Preliminary Election Results – Our Predictions Are 83 Percent Accurate So Far

By Robert Haugh

We made predictions yesterday. We are shooting 83 percent. Not quite as good as Steph Curry shoots free throws. But pretty good.

Results are preliminary as of press time. Here are early results with 59 percent of the vote counted:

  • Measure A – The Mission City ballot measure to create two council districts and implement ranked choice voting as soon as technology is ready is losing 52-48. . We predicted a win. This looks like our only miss. Santa Clarans don’t want to change the current system. They like how things are being done in the Mission City. It’s understandable since things are going well at City Hall.
  • In the County Supervisor District 4 primary, Susan Ellenberg surged to a large margin ahead of Pierluigi Oliverio, Don Rocha and Jason Baker. The real battle is between Oliverio and Rocha for who will compete against Ellenberg in November. Oliverio has a less than 1 percent lead over Rocha. Disgraced former Santa Clara Councilman Dominic Caserta slipped to fifth place, failing to get a double digit percentage of the vote and barely ahead of two late-entry candidates. We think we’ll end up predicting this one right, but disappointingly guessed wrong about Bucky the Bronco getting write-in votes.
  • Judge Aaron Persky will be recalled by a close to 60-40 margin. We called this one correctly.
  • Santa Clara County Sheriff Laurie Smith will be forced into a runoff against former Undersheriff John Hirokawa. We predicted this one.

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7 comments

  1. The 2012 Charter Review committee recommended a “at large” voting method to replace the “by seat” method and I preferred that. I wasn’t going to vote for Measure A which did not seem to solve the diversity issues and could also usher in the ranked voting method – look how well ranked voting did for Oakland several years ago. I don’t like the “by seat” method, but Measure A was no cure.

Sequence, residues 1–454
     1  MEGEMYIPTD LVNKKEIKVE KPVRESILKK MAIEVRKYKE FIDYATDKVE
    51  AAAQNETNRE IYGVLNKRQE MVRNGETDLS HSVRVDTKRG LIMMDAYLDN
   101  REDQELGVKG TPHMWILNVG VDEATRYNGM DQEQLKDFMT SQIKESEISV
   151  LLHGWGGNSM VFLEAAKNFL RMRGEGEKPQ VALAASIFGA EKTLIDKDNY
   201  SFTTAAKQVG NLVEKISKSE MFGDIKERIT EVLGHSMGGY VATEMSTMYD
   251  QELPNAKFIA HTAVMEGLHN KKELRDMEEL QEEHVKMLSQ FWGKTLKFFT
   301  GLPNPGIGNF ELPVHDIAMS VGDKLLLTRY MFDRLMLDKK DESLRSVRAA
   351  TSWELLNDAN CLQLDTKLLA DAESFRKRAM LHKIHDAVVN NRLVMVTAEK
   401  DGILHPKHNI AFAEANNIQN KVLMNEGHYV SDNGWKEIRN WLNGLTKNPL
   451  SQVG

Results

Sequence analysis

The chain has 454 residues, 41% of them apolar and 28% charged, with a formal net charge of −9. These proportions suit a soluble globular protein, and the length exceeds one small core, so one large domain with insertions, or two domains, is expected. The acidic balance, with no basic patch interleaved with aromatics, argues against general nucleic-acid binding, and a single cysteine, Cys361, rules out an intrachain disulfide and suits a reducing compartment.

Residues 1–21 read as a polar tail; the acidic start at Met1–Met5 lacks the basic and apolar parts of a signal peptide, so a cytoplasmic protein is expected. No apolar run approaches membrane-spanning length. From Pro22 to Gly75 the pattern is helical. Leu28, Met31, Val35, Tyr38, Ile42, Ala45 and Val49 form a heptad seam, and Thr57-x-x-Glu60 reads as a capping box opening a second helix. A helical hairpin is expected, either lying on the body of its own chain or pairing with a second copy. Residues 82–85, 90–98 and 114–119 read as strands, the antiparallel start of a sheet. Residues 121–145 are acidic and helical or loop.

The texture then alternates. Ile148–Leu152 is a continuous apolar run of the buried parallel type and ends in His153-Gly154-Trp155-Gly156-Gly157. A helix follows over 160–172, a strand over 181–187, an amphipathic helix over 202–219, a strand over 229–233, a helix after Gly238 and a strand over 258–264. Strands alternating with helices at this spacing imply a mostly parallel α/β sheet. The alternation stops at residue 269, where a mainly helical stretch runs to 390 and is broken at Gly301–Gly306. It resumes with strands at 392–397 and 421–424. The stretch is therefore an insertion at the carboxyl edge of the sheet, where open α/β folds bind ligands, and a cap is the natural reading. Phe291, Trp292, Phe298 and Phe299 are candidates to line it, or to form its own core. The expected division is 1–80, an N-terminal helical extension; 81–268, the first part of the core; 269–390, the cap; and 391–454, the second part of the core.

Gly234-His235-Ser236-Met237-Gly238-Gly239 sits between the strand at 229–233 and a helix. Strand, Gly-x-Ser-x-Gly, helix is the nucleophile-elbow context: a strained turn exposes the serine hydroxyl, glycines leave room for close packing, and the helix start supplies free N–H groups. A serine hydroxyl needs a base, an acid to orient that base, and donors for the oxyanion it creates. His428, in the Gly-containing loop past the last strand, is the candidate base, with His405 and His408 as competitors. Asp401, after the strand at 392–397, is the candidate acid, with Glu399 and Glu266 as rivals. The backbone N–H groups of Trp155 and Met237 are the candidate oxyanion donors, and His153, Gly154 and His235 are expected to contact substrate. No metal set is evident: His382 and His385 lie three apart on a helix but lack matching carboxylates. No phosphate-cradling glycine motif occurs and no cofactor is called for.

2. I feel the way to fix the City Council race is to abolish the specified seats. When we hold an election for council, the entire city votes for say three candidates for three seats from a common pool. Measure A was just a reworded work around for the current system which helps protect incumbents.

    • That too, would require a City charter change. Measure A actually would have dramatically changed the Council, as it would guarantee representation from the Northside. Voters obviously aren’t ready for a drastic change and are happy with the “as-is” election method. Keep in mind, voters overwhelmingly approved maximum term limits two years ago – which should help establish fresh faces on the Council.

  3. Of all the ways to spin the Measure A loss, I would have never thought of that. … they voted against us because they like us so well.

    • Mike, from all indications, from what’s been disclosed by surveys by City staff, and my research, it seems that Santa Clarans are happy as can be with how we elect a Council now. Residents overwhelmingly approved maximum term limits, and appear to support the “as-is” that we have with numbered seats right now. I’ll be writing more about this in coming days. It’s important to more than in informal polling around town, residents simply are happy as-is and don’t want dramatic change. More to follow.

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